Press release

FINMA confirms the large Swiss banks’ emergency plans are effective

In a report published today, the Swiss Financial Market Supervisory Authority FINMA provides a detailed assessment of the recovery and resolution plans of the systemically important Swiss institutions. FINMA views the Swiss emergency plans of Credit Suisse and UBS as effective. The emergency plans of PostFinance, Raiffeisen and Zürcher Kantonalbank, however, do not meet the statutory requirements yet.

The two large Swiss banks were required to submit effective emergency plans for their systemically important functions in Switzerland by the end of 2019. Hence FINMA is publishing a report at this juncture setting out the progress that has been made by all the systemically important Swiss institutions in recovery and resolution planning (see the glossary below for an explanation of the relevant terminology).

FINMA CEO Mark Branson comments: “Implementation of the Swiss too-big-to-fail regime is critically important to the stability of the financial centre. Our report on recovery and resolution planning is designed to create transparency about where we stand with regard to implementation. We are well aware of the hard work that all the institutions involved have put into this issue. Considerable progress has been made, but there is still more to do.”

Recovery plans approved and the large banks’ Swiss emergency plans are effective

All five systemically important Swiss banks have submitted recovery plans to FINMA. FINMA has approved all of these plans. In addition the two large Swiss banks were required to produce effective emergency plans for their Swiss operations by the end of 2019. FINMA has reviewed these. In the case of Credit Suisse FINMA regards the emergency plan as effective. UBS is also judged by FINMA to have met the requirements for an effective emergency plan, with the qualification that certain joint and several liabilities remain excessive.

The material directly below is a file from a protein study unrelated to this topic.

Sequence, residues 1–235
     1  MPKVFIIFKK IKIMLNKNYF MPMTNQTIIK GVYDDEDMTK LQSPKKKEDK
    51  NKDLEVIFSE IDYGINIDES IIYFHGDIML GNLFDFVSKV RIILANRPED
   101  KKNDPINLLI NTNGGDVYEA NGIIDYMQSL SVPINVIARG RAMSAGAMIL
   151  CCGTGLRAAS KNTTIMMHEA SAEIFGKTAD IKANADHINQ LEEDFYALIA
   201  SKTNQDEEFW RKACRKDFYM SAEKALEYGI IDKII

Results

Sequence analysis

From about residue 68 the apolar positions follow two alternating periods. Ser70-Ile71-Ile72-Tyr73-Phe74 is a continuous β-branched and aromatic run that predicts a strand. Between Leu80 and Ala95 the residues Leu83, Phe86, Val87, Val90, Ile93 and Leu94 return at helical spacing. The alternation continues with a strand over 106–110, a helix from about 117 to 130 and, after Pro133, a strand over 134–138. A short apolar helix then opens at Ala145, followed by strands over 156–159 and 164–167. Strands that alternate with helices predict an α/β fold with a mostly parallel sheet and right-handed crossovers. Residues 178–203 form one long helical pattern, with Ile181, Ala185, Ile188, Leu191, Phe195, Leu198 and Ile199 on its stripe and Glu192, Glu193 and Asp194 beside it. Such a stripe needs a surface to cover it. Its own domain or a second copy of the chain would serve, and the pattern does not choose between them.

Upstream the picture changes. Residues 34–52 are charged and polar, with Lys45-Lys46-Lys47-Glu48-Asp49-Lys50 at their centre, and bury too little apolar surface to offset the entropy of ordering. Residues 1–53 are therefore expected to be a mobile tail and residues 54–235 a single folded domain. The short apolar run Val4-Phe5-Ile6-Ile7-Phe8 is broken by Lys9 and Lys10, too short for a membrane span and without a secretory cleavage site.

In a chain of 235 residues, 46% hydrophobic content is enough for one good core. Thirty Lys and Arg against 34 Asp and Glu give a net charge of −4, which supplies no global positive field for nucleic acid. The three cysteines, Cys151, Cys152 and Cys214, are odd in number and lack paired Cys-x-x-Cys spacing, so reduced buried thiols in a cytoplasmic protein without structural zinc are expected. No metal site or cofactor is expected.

The three domestic systemically important banks have also submitted an emergency plan, but were at different stages of implementation at the end of 2019. None of the plans is deemed to be effective yet. At Zürcher Kantonalbank there is a plausible plan for how the capital and liquidity resources required in the event of a crisis can be built up further. Raiffeisen and PostFinance do not yet have plausible plans for accumulating the necessary gone concern funds for recapitalisation in a crisis. All three domestic banks have work ongoing to develop an effective emergency plan.

Global resolution plans and the rebate process

FINMA is required to draw up a global resolution plan for the two large banks. Unlike the emergency plan, which relates purely to the banks’ systemically important functions in Switzerland, this global resolution plan covers the entire banking group worldwide. FINMA assesses this global resolvability on the basis of whether the preparations of the large banks are sufficient to successfully implement the resolution plan if necessary. It has concluded that both banks have already taken important preparatory steps and have thus made considerable progress with respect to their global resolvability. In particular, FINMA believes the requirements for structural disentanglement are now fulfilled. For instance, the two banks have created holding structures and Swiss subsidiaries to facilitate this disentanglement. In other areas, particularly with regard to funding in resolution, further implementation work still needs to be done. It should be taken into account that the regulatory requirements have not yet been published in this area. Since the domestic systemically important banks have little or no foreign business, their resolution plans relate solely to the systemically important functions in Switzerland. They are therefore largely interchangeable with the emergency plans.